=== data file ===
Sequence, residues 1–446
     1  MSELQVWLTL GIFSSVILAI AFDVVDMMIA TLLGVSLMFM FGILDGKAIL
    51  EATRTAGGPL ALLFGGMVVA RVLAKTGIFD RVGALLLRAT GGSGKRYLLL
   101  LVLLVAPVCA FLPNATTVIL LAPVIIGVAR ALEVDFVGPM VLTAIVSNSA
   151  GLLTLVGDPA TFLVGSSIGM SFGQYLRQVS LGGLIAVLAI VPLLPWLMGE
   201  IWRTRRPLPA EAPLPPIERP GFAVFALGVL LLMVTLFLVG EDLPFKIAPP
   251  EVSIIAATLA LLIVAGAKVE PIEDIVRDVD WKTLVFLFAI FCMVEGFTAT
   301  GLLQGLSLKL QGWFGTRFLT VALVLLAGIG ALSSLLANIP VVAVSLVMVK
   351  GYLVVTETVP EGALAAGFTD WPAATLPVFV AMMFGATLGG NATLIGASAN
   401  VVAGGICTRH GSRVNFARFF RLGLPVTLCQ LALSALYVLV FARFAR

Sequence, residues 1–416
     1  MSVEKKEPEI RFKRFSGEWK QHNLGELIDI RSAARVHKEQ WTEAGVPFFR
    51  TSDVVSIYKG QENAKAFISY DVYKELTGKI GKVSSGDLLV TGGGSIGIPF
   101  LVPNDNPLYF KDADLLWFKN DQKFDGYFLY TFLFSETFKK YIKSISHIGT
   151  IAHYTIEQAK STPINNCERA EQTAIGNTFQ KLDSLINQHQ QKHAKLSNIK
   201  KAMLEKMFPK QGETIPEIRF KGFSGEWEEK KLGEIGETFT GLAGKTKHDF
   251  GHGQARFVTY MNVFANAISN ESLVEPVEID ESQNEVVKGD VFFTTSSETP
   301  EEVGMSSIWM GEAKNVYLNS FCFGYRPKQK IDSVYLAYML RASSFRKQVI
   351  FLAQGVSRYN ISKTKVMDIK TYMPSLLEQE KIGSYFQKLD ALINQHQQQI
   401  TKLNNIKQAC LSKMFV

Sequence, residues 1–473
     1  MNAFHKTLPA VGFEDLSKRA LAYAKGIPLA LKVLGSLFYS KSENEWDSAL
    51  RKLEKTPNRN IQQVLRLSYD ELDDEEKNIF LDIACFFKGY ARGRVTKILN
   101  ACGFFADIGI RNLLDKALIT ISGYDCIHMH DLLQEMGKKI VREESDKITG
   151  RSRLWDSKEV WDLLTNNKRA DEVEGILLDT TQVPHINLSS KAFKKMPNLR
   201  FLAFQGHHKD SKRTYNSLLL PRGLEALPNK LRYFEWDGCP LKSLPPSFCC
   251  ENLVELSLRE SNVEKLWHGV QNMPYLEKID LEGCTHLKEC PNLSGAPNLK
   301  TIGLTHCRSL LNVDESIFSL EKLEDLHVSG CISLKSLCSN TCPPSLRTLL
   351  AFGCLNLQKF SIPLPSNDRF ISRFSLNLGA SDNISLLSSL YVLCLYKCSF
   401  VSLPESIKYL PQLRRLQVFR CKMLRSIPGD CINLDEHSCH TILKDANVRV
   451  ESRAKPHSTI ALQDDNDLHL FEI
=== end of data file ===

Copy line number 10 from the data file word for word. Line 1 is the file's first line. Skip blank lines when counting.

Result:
   401  VVAGGICTRH GSRVNFARFF RLGLPVTLCQ LALSALYVLV FARFAR